Florida Dem looks to extend offshore drilling ban

Sen. Bill NelsonClarence (Bill) William NelsonThe Hill's Morning Report — Sponsored by United Against Nuclear Iran — The Hill interviews President Trump The Hill's 12:30 Report — Kavanaugh controversy consumes Washington | Kavanaugh slated to testify Monday | Allegations shake up midterms Florida governor booed out of restaurant over red tide algae issues MORE (D-Fla.) is fighting back against a Republican bill that would expand offshore oil drilling near the coast of Florida. 

Nelson introduced a bill Thursday that would extend the current moratorium on oil drilling in the eastern Gulf of Mexico through 2027. The bill comes after a group of Republicans, led by Sen. Bill CassidyWilliam (Bill) Morgan CassidyOvernight Health Care: Senators target surprise medical bills | Group looks to allow Medicaid funds for substance abuse programs | FDA launches anti-vaping campaign for teens Bipartisan senators unveil proposal to crack down on surprise medical bills Outdated global postal system hurts US manufacturers MORE (La.), filed a bill last week to open up the area to oil drilling as soon as next year.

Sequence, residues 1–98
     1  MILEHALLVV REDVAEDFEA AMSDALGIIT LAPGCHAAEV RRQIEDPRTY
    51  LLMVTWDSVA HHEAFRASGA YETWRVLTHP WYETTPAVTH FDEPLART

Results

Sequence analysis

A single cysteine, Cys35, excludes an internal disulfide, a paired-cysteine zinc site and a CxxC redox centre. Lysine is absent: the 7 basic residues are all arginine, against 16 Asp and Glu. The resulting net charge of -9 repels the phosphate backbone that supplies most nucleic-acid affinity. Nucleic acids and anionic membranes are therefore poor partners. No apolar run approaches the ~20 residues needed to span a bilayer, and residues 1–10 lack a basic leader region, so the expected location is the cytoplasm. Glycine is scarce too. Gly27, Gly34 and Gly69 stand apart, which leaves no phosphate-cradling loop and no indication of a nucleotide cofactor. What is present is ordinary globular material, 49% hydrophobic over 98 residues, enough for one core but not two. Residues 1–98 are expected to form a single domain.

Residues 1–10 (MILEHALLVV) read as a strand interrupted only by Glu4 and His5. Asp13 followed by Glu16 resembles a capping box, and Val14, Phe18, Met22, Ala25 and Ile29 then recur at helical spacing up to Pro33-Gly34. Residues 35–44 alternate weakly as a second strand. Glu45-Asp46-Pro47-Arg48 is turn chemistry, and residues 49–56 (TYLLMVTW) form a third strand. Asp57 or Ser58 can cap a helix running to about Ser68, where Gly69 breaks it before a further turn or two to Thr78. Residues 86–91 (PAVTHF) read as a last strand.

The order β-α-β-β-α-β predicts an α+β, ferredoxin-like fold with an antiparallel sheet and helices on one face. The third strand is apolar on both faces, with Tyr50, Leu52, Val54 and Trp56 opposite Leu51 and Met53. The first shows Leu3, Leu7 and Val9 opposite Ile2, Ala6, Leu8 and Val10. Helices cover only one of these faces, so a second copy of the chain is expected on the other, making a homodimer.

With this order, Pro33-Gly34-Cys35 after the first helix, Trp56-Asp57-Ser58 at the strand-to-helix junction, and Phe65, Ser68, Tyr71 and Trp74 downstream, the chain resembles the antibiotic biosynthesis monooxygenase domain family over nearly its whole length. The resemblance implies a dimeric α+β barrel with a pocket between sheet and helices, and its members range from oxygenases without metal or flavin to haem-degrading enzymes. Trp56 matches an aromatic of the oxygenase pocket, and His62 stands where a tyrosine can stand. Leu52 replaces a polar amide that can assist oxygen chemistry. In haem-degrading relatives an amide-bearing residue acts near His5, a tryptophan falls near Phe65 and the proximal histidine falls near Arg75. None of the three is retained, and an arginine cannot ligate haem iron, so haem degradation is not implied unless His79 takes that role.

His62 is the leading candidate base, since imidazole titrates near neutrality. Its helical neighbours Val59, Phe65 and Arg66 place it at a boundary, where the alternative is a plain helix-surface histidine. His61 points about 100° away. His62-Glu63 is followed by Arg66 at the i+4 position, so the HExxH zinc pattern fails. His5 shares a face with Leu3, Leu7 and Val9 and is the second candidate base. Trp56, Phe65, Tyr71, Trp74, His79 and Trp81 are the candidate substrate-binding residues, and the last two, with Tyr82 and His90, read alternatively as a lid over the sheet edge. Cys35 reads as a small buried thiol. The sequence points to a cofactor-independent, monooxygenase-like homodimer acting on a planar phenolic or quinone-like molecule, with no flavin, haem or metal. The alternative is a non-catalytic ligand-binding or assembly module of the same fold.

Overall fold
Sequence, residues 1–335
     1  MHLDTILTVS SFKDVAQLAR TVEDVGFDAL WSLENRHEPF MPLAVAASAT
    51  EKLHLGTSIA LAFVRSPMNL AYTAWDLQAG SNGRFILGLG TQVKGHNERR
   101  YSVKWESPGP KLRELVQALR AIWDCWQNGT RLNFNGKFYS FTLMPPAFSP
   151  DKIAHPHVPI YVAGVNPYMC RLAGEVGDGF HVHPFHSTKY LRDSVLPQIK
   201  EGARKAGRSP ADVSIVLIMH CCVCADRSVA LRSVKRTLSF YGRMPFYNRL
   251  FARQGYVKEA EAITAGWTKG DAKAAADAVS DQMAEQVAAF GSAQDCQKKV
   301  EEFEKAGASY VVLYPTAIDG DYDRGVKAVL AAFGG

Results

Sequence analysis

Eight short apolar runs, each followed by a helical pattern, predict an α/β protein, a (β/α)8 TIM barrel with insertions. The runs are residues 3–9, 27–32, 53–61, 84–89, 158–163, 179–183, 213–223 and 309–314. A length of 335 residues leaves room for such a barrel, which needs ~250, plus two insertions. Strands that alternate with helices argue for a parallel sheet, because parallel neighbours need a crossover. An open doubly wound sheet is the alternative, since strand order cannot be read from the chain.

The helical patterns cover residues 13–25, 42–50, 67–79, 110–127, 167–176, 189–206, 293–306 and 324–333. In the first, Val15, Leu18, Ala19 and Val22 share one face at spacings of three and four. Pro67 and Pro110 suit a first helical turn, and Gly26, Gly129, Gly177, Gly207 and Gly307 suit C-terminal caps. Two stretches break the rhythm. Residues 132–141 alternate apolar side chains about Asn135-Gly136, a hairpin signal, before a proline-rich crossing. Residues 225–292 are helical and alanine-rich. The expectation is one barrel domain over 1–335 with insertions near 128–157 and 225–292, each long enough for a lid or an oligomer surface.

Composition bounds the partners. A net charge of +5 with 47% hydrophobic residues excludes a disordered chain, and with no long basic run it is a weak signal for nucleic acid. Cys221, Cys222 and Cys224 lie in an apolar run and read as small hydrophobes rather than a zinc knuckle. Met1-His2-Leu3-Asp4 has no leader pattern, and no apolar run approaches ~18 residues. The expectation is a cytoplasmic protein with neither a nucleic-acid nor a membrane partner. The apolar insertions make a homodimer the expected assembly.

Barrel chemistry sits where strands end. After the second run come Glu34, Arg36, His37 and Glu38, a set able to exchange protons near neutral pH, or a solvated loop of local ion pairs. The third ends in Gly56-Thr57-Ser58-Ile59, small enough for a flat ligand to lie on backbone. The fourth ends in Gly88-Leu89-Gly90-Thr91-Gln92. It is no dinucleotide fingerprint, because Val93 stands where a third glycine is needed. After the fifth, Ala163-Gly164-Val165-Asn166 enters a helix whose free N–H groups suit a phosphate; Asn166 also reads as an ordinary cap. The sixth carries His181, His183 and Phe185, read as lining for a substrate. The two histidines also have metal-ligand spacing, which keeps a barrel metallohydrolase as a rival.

In a floor speech, Nelson warned against allowing drilling near Florida, raising the specter of an oil spill on par with those in the Gulf of Mexico in 2010 and this week in California.

“Drilling off the coast is not what the people of Florida want,” he said. “We want fishing vessels hauling in prize catches, not coast guard vessels skimming oil.”

Congress instituted a ban on drilling within at least 125 miles of the Florida coast in 2006. The moratorium is set to expire in 2022. Cassidy’s bill would allow drilling no less than 50 miles from the Florida coastline and create a revenue-sharing program between Florida and the federal government.

Industry estimates suggest that by 2035, offshore drilling in the eastern Gulf could produce up to 1 million barrels of oil a day and contribute billions of dollars per year to the economy.

“Developing oil and natural gas resources in the Gulf of Mexico could create more than 200,000 jobs, add more than $18 billion per year to the U.S. economy and strengthen our national security,” Cassidy said in a statement announcing the bill May 12. “What is there to oppose? Time for everyone to get on board.”

But Nelson said the economic benefits aren’t worth the risk of a spill, which he said could hurt Florida’s fishing and tourism industries.  

“We’re going to do everything that we can to make sure we don’t lose another tourism season,” he said. “We’re going to do everything that we can to make sure that we don’t lose an entire year for our fishermen.”